Ishihara & MebyMonty DiPietro
It was a mid-May Sunday afternoon that found me in a Shinjuku conference room for a meeting of the United Front Japan, a foreign residents' support group. I was there to help the organization formulate a media strategy for dealing with Shintaro Ishihara, the governor of Tokyo.
My motives were personal. I had hardly ever thought about politics in Japan until a month earlier, when I was jumped and beaten unconsciousness by a band of thrill-seeking bosozoku bikers. The attack occurred a day after Ishihara had shocked the international community with remarks made while addressing the Japanese army. "In the event of a natural disaster," Ishihara told the troops, "foreigners can be expected to riot." The statement flew in the face of history, as the last time Tokyo experienced a major earthquake, in 1923, it was the Japanese who ran amuck, killing several thousand of the stricken city's Korean residents.
Ishihara's insensitivity was further emphasized by his use of the old derogatory term "sangokujin" in reference to Tokyo's minorities. Although I had no proof that my attackers were motivated by or even aware of Ishihara's remarks, I had no doubt that the governor's vitriol signaled a step away from tolerance. While nursing my cracked ribs and seeking someone to blame for the pain, Ishihara offered himself up. So I put him in my sights.
But the UFJ meeting didn't look like the place from which to launch an effective counterstrike. There were but five other people in attendance, and I would later learn that three of them, punch perm fellows in oversized suits, were mobsters sent to monitor the group's activities.
A couple of weeks later, I attended a demonstration outside the Tokyo Metropolitan Government headquarters. This time, about thirty people turned out to hold placards and distribute tracts to uninterested passers-by. Once again, I felt a futility in the situation. For me to get a message to Ishihara, I realized I needed to meet the man on my own turf.
I got my chance in July, when a collection of ink on paper drawings Ishihara made while a teen was exhibited at the Hillside Forum, an art space in Tokyo's swank Daikanyama district. I called the gallery to tell them I would be attending the opening party and writing a review of the show for a local newspaper.
"Sorry, but the opening is closed" was the first response I got from organizers. Because other Tokyo galleries make efforts to get critics to attend openings, this was strange. I called again, and was asked a litany of questions I'd never heard before. "Is this because I'm a foreigner?" I finally inquired. Several days later, show organizers sent me an invitation, noting that a Japanese staff member had vouched for "my good name."
I went over my options. With a host of VIPs and press in attendance, I could step up and ask Ishihara if he still believed the Nanking massacre was "a story made up by the Chinese," as he was quoted as saying in a 1990 Playboy Magazine interview. Or if he had evidence to back up his belief in an international Jewish conspiracy. I also considered presenting Ishihara with a sarcastic "award" of some sort on behalf of the international art community, maybe with a reference to another failed-artist-turned-politician who rode a populist platform to power in Germany while Ishihara was just a child. Everyone I know strongly advised me against doing anything confrontational at the opening, and I asked why. "Because it would be very dangerous for you," I was told.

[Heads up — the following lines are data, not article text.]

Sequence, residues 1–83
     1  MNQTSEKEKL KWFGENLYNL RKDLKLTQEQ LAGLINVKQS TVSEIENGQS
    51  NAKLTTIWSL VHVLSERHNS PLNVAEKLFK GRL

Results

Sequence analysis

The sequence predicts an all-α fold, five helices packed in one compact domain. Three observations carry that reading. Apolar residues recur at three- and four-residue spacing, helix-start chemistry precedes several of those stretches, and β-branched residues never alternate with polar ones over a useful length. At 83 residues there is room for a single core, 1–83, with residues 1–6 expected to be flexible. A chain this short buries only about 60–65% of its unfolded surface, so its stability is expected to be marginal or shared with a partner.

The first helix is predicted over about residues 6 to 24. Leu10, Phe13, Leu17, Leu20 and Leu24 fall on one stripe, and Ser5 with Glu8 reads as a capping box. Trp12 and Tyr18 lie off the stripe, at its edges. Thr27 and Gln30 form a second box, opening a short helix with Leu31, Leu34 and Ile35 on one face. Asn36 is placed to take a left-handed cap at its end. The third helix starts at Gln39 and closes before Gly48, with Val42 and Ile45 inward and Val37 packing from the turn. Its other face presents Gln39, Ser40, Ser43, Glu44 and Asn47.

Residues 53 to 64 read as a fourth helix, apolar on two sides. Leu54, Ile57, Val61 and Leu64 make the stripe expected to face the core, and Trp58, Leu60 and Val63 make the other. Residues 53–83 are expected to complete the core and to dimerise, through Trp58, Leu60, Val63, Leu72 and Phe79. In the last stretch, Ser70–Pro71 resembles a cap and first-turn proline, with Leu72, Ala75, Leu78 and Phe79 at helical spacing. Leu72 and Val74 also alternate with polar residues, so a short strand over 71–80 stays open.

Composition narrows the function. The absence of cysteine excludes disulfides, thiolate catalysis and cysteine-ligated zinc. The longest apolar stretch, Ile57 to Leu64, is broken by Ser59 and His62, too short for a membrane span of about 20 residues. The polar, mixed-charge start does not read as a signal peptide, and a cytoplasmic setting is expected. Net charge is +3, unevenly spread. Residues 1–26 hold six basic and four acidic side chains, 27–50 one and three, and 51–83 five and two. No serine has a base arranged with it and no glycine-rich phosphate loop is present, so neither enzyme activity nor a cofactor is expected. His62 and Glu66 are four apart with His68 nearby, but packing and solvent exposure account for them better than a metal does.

As it happened, a typhoon struck Tokyo the evening of Ishihara's opening. Trains were delayed, taxis unavailable. He left early, I arrived late. So I didn't get to meet the guy, and maybe that was for the best. I did have a look at the drawings, which, actually, were not all bad, very influenced by Dada. I said as much in my review, but also took a shot at Ishihara's wish that the show would provide inspiration for the Japanese youth of today. I questioned whether, in light of his numerous racist comments, Ishihara was the sort of person Japan wanted inspiring a new generation. The newspaper killed my piece, the first time that happened in the five years I had been writing for them.
I lost interest in Ishihara about the time he used Japan's annual early-September disaster-preparedness drills to make more remarks to the army about the foreign threat. I don't know whether I gave up or simply decided to move on. In either case, it had become sadly evident to me that the overwhelming majority of Tokyoites were willing to live with Ishihara.
Which brought to mind a quote from French artist Jean Dubuffet, whom Ishihara might admire: "Nothing is more immobilizing than the spirit of deference."
Shintaro Ishihara is still Governer of Tokyo. For an inventory of Ishihara's racism, go to this piece in the Japan Traveler
The Korean-Japanese students' group Tokyo Alien Eyes have launched a petition campaign to remove Ishihara from office. And go here for information from Issho Kikaku on their Benchi Project.